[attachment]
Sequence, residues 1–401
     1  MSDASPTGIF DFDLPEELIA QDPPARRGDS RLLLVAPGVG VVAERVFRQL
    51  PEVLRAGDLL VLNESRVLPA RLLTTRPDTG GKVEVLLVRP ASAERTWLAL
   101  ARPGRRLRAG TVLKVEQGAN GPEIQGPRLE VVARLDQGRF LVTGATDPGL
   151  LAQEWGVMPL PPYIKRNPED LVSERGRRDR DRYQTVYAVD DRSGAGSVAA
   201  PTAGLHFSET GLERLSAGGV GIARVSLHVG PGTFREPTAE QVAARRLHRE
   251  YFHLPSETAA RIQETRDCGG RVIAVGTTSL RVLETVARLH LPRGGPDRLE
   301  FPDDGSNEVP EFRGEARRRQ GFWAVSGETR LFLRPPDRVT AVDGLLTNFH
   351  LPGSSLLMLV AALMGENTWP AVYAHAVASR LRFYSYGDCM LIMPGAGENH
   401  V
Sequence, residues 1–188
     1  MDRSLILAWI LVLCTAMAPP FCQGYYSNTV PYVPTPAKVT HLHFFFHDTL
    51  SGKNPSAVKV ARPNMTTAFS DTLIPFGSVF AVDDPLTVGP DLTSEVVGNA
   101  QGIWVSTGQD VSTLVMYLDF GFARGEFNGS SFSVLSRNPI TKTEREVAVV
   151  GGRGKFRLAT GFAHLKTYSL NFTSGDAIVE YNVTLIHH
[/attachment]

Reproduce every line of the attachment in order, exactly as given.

Sequence, residues 1–401
     1  MSDASPTGIF DFDLPEELIA QDPPARRGDS RLLLVAPGVG VVAERVFRQL
    51  PEVLRAGDLL VLNESRVLPA RLLTTRPDTG GKVEVLLVRP ASAERTWLAL
   101  ARPGRRLRAG TVLKVEQGAN GPEIQGPRLE VVARLDQGRF LVTGATDPGL
   151  LAQEWGVMPL PPYIKRNPED LVSERGRRDR DRYQTVYAVD DRSGAGSVAA
   201  PTAGLHFSET GLERLSAGGV GIARVSLHVG PGTFREPTAE QVAARRLHRE
   251  YFHLPSETAA RIQETRDCGG RVIAVGTTSL RVLETVARLH LPRGGPDRLE
   301  FPDDGSNEVP EFRGEARRRQ GFWAVSGETR LFLRPPDRVT AVDGLLTNFH
   351  LPGSSLLMLV AALMGENTWP AVYAHAVASR LRFYSYGDCM LIMPGAGENH
   401  V
Sequence, residues 1–188
     1  MDRSLILAWI LVLCTAMAPP FCQGYYSNTV PYVPTPAKVT HLHFFFHDTL
    51  SGKNPSAVKV ARPNMTTAFS DTLIPFGSVF AVDDPLTVGP DLTSEVVGNA
   101  QGIWVSTGQD VSTLVMYLDF GFARGEFNGS SFSVLSRNPI TKTEREVAVV
   151  GGRGKFRLAT GFAHLKTYSL NFTSGDAIVE YNVTLIHH